PuTTY Privacy Considerations

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This page lists the implications of using PuTTY for your privacy and personal data. (As of 2024-04 this has apparently become a requirement for having PuTTY in the Windows Store.)

Storing information locally

When you use PuTTY, it stores a small amount of information on your computer, necessary for doing its own job. This information is stored in the user account of the user who runs PuTTY, so it is under your control (you can find it and change or delete it). PuTTY does not transmit it to any other site.

However, you may need to be aware of the fact that it is stored on your computer. (For example, somebody else accessing your computer might be able to find a list of sites you have connected to, if you have saved details of them.)

Host key cache

If you use the SSH protocol, then PuTTY stores a list of the SSH servers you have connected to, together with their host keys. This is known as the "host key cache". It is used to detect network attacks, by notifying you if a server you've connected to before doesn't look like the same one you thought it was.

The host key cache is optional. An entry is only saved in the host key cache if you select the "Accept" action at one of the PuTTY suite's host key verification prompt. If you want there to be no trace of a connection you've made, you are free to press "Connect Once" instead, and take your own steps to detect host key substitution in future.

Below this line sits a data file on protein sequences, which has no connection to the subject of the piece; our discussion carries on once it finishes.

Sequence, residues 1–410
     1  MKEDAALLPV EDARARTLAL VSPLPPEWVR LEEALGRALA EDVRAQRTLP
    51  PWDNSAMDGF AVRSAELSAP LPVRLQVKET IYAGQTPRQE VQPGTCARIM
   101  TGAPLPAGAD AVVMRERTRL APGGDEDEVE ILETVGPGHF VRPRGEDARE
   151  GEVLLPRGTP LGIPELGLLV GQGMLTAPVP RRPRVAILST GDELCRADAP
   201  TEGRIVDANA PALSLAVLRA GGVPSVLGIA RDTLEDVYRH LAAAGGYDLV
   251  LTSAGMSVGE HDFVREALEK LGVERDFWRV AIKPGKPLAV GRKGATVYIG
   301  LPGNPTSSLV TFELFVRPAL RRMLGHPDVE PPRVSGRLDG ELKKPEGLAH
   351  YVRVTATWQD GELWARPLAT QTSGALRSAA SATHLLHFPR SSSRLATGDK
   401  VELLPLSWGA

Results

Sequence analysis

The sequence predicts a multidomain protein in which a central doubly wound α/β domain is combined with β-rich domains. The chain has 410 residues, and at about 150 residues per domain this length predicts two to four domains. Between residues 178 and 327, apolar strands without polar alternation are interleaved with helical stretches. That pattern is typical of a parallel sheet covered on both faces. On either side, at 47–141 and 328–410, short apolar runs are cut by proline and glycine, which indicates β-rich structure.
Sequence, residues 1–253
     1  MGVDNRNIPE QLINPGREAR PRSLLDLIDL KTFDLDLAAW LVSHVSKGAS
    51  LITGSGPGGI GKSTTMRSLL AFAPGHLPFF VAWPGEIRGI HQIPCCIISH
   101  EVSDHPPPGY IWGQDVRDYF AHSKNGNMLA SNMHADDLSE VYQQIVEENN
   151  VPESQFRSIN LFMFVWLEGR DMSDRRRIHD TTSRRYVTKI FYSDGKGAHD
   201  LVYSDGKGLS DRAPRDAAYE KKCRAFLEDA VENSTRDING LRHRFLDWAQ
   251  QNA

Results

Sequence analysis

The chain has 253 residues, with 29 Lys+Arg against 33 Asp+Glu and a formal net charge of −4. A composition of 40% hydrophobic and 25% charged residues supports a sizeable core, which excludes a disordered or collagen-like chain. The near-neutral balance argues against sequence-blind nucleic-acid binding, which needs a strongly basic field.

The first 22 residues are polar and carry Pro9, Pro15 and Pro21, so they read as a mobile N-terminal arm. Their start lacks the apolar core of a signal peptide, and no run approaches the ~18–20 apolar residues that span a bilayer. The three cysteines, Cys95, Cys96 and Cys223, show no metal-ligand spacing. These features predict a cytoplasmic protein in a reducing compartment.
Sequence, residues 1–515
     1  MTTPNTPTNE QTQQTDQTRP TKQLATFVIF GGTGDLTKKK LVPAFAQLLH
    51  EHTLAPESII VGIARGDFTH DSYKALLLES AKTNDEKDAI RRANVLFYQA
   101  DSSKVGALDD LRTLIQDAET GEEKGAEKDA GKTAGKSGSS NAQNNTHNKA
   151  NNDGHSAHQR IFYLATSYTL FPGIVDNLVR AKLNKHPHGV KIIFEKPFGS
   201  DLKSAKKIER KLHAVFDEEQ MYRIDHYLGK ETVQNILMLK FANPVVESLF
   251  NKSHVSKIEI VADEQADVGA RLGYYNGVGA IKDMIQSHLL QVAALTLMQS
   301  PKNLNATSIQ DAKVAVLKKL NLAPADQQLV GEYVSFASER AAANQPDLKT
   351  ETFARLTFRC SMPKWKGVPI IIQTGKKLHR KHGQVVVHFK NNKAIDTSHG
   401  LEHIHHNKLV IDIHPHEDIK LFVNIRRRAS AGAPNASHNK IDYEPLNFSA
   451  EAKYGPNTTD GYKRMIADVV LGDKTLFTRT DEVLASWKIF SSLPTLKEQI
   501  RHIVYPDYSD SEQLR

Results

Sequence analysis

The host key cache is only used by SSH. No other protocol supported by PuTTY has any analogue of it.

Saved sessions

After you set up PuTTY's configuration for a particular network connection, you can choose to save it as a "saved session", so that you can make the same connection again later without having to re-enter all the details.

PuTTY will not do this unless you use the "Save" button in its configuration box. If you want there to be no trace of a connection you make, you can avoid saving the configuration for that connection, and instead re-enter the details by hand every time you do it.

Log files

PuTTY can be configured to save a log file of your entire session to the computer you run it on. By default it does not do so.

If the logging feature is enabled, then by default PuTTY will avoid saving data in the log file that it knows to be sensitive, such as passwords. However it cannot reliably identify all passwords. If you use a password for your initial login to an SSH server, PuTTY knows that is a password and will omit that from the log, but if after login you type a password into an application on the server, then PuTTY will not know that it is a password, so it may be saved in a log file.

PuTTY can also be configured to include passwords in its log files. This is intended for debugging purposes, for example if a server is refusing your password and you need to check whether the password is being sent correctly. We do not recommend enabling this option routinely.

Random seed file

PuTTY stores a small file of random bytes, which is reloaded the next time it is run and used to seed its random number generator. These bytes are meaningless and random, and do not contain an encrypted version of anything.

Sending information over the network